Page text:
“Dear God: Can you forgive someone for an act they cannot repent of?” (26) So goes Maggie’s prayer journal in the aftermath of an affair in Jamie Quatro’s new novel, Fire Sermon. Maggie has committed to move on. Has cut off communication with the poet she spent one night with in Chicago. In one light, she sees the ways the relationship has led her away from God, her husband, her children. But she’s captivated by what it has meant and isn’t ready to let go of it.
That’s the interesting thing about sin: Major disrupting force in the universe. The thing God says ‘no’ to. The chasm that separates us from God and the wholeness God intends. The power which estranges us from our essential self and enslaves us. And yet what an illuminating light it shines! “I do not think you should get rid of your sin until you have learned what it has to teach you,” Richard Rohr says in his book Falling Upward: A Spirituality for the Two Halves of Life.
Of course, some will say that Maggie is luxuriating in it. She soon leaves off talking to God and begins to write to James, the lost lover, in entries she never sends to him. She converses with a voice that sounds like a therapist (but who actually may be God) who tries to help her put the experience in a larger frame but she resists any effort to diminish the memory of the affair.
She narrates the difficult relationship with Thomas, her husband of twenty-five years and father of her two beautiful children. “Thomas is, in fact, a good husband,” she says. (20) But her ambivalence shows through in describing his awkward and demanding sexual approaches to her, both before and during their marriage. He has only a grudging interest in her faith, despite the fact that her life with God is the fire that burns through everything. He will sit in the pew with her on occasion. He will nurture her and the children. But she will still long for theology and poetry and someone with whom to share it.
Whether you, dear reader, will see this longing as holy discontent or ludicrous self-justification is an open question. I suspect readers will be divided. My own appreciation for the yearnings of mystics and the revelatory power of misguided desires made me a fan from the first page. Julian of Norwich is etched into Maggie’s plight (and quoted). The English priest and poet John Donne haunts Maggie’s confessions: “Wilt thou forgive that sin which I did shun/A year or two, but wallow’d in, a score?”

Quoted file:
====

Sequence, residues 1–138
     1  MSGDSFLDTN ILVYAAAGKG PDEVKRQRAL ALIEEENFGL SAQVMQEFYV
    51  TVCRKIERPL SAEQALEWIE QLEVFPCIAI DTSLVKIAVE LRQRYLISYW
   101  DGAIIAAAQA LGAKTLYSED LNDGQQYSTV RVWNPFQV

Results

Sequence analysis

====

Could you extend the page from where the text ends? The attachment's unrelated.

Maggie takes a scandalous interest in her own pleasures and pains. She is raw and honest, naked on the page. The book’s narration fragments in time without ever losing sight of the struggle of her soul. We bounce between prayers and poems, memories and text messages—the scattered evidence of this signal season in Maggie’s life.
It ends with Maggie’s ultimate revelation of the affair to Thomas, something she had never hidden very well from him anyway it seems. The narrative rattles off the possible futures for the couple, but not before Maggie rouses herself to a summation—a “fire sermon” that she calls “a litany, a confession, a proposal.” (184)
She does it on a dare from the inner therapist voice to articulate her thoughts, to preach them to herself. “It would sound like blasphemy,” Maggie protests.
I would say possibly heretical things about the nature of erotic desire. I might not believe the things I say. I would say them anyhow. To see what I say, in order to know what I think, in order to observe. Maybe even detach.
So say them.
I’m afraid I’ll leave a giant ink stain on the history of Christendom if I do.
How do you know unless you try? (183)
So she says them. And you might roll your eyes. You might call her a heretic. But you may hear a strange and wonderful affirmation of the marriage covenant and the virtue of acknowledging and renouncing the ways our hearts are “prone to wander, Lord, I feel it!” You may find “intimations of immortality…reminders of the glory whence we came.” (190-1)
If it’s the affirmation you hear, you read the book that I did—a glowing furnace of a novel. The testimony of an ecstatic soul. The cry of the blissful, tortured pilgrim this side of eternity. An appeal to God to “let me burn.” (191)